Money managers are reducing their cash holdings despite concerns over corporate profits and inflation, said Bank of America Merrill Lynch’s monthly fund manager survey.
Falling oil prices lowered inflation and profit expectations in January. A net 38% of respondents expect corporate profits to improve over the next 12 months, down eight percentage points from December. However, a net 17% of investors reported being overweight cash in January, down 11 percentage points from December.
Growth expectations remain “resilient” despite the reduced corporate outlook, said Brian Leung, global investment strategist at Bank of America Merrill Lynch, in a telephone interview. A net 51% of respondents expect the global economy to strengthen over the next 12 months, down from a net 60% in December. If the oil price collapse does not boost growth as investors expect, those growth expectations could collapse with more investors shifting out of equities and into fixed income, Mr. Leung said.
This month’s survey also showed investors are becoming “more entrenched” in their sector and region views, Mr. Leung added.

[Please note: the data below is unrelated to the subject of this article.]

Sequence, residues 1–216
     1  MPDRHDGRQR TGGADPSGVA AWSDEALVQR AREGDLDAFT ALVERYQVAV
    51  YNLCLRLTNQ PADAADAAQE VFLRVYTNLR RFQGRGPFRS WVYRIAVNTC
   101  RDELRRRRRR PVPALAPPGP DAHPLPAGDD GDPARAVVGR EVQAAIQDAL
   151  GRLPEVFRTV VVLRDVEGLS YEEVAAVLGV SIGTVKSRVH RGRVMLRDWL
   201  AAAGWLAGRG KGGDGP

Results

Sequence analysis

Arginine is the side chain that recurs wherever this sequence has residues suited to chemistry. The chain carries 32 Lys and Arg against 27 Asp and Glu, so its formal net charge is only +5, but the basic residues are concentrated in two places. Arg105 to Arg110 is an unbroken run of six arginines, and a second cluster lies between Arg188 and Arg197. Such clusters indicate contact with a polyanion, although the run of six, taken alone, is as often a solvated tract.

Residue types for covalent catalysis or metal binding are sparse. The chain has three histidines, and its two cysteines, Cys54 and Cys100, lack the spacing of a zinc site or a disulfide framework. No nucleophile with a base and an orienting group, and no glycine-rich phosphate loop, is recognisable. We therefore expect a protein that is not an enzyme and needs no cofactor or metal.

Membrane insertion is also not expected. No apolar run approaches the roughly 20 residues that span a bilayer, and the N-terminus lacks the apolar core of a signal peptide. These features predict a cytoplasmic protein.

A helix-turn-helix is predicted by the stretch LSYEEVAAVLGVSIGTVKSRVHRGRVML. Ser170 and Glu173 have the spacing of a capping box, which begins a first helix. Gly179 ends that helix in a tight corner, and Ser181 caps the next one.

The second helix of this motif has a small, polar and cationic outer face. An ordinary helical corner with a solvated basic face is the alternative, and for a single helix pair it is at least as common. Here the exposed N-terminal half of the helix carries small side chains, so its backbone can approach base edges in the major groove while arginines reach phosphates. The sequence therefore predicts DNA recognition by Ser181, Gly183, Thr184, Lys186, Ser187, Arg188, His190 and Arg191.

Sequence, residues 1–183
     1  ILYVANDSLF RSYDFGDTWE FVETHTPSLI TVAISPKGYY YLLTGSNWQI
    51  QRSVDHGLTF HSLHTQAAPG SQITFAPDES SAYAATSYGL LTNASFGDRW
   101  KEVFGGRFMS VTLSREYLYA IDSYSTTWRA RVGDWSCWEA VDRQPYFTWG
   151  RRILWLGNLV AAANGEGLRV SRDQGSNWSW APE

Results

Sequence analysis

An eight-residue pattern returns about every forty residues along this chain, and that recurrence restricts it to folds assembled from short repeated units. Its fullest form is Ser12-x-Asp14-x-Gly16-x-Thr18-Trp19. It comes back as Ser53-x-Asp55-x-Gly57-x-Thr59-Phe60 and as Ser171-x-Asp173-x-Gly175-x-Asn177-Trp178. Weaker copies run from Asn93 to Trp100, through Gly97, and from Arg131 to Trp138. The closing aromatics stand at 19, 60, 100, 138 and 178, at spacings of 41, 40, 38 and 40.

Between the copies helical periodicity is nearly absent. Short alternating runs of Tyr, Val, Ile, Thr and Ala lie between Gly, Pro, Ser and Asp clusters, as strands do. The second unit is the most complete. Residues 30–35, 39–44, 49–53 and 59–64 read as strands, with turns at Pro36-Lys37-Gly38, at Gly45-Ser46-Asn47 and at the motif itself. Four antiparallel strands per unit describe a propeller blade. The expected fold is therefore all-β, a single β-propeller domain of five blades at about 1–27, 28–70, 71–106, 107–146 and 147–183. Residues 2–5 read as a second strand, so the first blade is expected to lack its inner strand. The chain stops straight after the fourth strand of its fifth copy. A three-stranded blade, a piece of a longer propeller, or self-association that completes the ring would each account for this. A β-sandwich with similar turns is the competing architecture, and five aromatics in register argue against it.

Energy and commodity allocations remained low in January. A net 25% were underweight energy vs. a net 23% underweight in December. A net 24% were underweight commodities vs. a net 26% underweight last month.
At the same time, U.S. equity allocations remained strong. A net 24% reported being overweight U.S. equities, up eight percentage points from last month.
Regarding the other asset classes, sentiment toward emerging markets and U.K. equities worsened with a net 13% and 24%, respectively, underweighting the regions. Last month, a net 1% reported being overweight emerging market equities. The U.K. reading is the lowest on record since September 2011.
The survey of 219 fund managers managing a total of $630 billion was conducted Jan. 9-15.